As part of my 30 goals before I am 30, I made a pact to try out some mindfulness techniques. It only took 1 and a half years, a minor breakdown and lots of self-intervention to make a start! Hooray! So, obviously I am not the authority on mindfulness, but this is more of a… beginner’s experience.
I have had little to no luck when it comes to mindfulness and I’ve heard that it can be a struggle. For me it’s nearly impossible – I actually took a day to myself where I could do nothing, alone, and lasted well… you can see for yourself.
I cannot stand silence. When I come home before Netflix plays in the background, or if my music disconnects accidentally in the car, I just can’t handle it. The void makes me nervous and I need to fill it with something or I get very down for the evening. This is why I tend to fill my time as much as possible – I can’t stand the idea of a wasted evening.
I go for months being busy as much as I can until I burn out and then take a few weeks of recovery. It’s just what I’ve always done, and surprisingly it’s not the busy periods that cause me stress; it’s the quiet moments when my thoughts start to flood in and consume me. The negativity can often press down on me if I spend even one night alone.
So how did I start to feel more positive?
I began with a MyndMap. A book that helps you to focus on the small positive changes you make within each day and work towards a bigger goal in small steps. It’s literally just a way of assessing where you’re at, and where you want to be, and identify small changes you can make. This is the kind of thing that I like; it seems productive but also encourages reflection. Within 90 days, it claims, it will help you feel more positive – and it seems to be working so far!
Something it told me to do is to try to relax and spend time to myself, reflecting on emotions and things that may be having negative effects on my life – and what better place to do that, than in the middle of nowhere!
The Stunning Hoar Cross Hall Spa Day
I was given a spa voucher so I set off alone to spend an afternoon just, well, not doing a lot. It doesn’t sound like a big deal, but if you met me… you’d know it is. I never, EVER, switch off. I run at a million miles an hour, filling my time with friends and activities, to the point where I barely have time to watch TV, let alone do absolutely nothing. So I arrived at 1pm, full of optimism and excitement at doing nothing and having a chill…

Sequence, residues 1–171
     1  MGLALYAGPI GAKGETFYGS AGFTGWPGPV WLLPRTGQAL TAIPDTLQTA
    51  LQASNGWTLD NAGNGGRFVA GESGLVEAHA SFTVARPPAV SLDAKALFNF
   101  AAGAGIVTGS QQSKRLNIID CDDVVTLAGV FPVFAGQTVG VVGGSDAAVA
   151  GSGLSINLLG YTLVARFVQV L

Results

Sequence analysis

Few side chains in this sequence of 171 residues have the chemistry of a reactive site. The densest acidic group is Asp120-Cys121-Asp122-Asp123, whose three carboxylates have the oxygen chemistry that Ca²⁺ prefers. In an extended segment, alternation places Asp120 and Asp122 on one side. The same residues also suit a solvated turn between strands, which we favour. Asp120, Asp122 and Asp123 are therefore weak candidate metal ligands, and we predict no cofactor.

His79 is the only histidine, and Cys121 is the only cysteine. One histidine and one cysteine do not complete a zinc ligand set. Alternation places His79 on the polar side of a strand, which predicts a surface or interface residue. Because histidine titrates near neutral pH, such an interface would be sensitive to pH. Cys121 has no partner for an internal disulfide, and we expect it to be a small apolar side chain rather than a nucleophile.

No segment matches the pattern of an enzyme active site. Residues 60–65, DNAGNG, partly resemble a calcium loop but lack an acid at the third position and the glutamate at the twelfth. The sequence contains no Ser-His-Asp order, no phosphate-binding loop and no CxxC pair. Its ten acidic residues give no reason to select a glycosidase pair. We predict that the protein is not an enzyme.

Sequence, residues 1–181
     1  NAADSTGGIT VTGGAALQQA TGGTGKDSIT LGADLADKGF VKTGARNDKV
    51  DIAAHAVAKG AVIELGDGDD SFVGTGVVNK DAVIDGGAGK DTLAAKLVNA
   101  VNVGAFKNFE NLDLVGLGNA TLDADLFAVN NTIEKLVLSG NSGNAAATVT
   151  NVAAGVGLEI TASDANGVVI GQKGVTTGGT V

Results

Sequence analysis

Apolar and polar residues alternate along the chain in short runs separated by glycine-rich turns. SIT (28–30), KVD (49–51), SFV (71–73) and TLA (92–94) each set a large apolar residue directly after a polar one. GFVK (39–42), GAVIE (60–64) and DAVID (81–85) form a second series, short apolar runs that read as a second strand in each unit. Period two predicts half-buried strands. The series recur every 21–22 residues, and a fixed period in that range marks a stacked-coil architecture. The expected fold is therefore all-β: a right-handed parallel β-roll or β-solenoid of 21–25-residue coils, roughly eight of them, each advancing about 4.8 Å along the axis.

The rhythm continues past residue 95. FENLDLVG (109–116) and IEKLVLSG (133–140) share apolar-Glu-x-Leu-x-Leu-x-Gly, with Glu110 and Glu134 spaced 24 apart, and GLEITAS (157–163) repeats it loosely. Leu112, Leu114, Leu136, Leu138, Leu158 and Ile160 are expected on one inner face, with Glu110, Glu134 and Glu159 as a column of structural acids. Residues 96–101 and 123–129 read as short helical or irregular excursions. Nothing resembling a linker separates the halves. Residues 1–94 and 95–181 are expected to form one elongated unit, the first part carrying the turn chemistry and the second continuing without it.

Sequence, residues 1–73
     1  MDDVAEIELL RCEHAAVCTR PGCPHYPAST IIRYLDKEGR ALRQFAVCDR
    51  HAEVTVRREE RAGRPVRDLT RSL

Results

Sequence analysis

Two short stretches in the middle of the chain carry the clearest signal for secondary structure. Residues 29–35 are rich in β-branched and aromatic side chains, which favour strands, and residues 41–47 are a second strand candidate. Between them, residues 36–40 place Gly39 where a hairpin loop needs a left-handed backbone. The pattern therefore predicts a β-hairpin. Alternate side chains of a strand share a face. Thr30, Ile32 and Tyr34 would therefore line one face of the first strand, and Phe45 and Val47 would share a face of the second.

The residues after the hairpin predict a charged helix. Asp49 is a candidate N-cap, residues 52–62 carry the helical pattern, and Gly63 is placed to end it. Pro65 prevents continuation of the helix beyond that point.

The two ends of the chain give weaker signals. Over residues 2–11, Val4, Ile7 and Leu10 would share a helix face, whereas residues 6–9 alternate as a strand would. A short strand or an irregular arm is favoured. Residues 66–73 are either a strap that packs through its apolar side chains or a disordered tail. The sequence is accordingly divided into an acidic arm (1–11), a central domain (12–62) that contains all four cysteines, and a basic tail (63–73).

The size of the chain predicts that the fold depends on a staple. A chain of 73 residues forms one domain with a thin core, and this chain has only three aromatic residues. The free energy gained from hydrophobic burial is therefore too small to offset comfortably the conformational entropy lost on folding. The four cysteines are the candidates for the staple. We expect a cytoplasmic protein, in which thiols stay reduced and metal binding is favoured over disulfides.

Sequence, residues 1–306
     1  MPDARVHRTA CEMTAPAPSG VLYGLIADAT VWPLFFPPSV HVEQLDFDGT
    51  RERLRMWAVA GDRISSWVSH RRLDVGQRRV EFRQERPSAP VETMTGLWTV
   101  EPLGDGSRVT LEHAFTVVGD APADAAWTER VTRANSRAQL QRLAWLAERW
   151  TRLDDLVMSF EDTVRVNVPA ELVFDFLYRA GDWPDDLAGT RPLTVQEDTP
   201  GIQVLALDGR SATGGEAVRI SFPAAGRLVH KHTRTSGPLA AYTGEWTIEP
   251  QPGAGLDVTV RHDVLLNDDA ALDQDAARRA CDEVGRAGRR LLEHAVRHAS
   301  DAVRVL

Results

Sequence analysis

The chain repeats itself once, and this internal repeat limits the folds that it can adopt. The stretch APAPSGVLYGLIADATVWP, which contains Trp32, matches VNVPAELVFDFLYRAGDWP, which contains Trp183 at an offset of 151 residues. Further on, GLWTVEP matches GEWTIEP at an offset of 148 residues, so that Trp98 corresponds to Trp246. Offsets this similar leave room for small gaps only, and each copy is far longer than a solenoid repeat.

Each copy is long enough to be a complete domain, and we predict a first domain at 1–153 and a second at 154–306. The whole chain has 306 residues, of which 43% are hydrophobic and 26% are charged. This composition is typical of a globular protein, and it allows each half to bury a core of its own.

The spa was absolutely gorgeous so I rushed off to get changed and got into the pool. I spent some time hiding in a dark cave in the pool, I floated around, swam around the aqua-jets, explored the detoxing and aqua-therapy sections, explored the hydrotherapy pool, thought about every single one of my friends and what they’d do if they were there with me as I chilled out and people watched in the Jacuzzi. Then I wondered what the time was…
HOW was it only 2-pm?
Only an hour had passed?! I never realised being alone was going to be this slow but I decided to try and make the most of it. I booked a 4 hour session in the spa but was done in 2 .5 hours. (Even that had included a minor nap in a hanging basket and a mini photo-taking spree!)
The whole time I wished I had my notebook with me so that I could write ideas for my blog. I had so many good ideas for posts but hey, they’re gone now… You’ll have to deal with my normal content. Sorry about that!
One thing is for sure though, I did feel super relaxed and I did have a wonderful time. So much so that even though I drove home for 2 hours through rush hour Nottingham and down the M1. I didn’t even swear once! (But seriously…) It’s definitely healthy to spend some time doing nothing and grounding myself. I’ve started this mindfulness journey now – let’s see if it becomes a habit!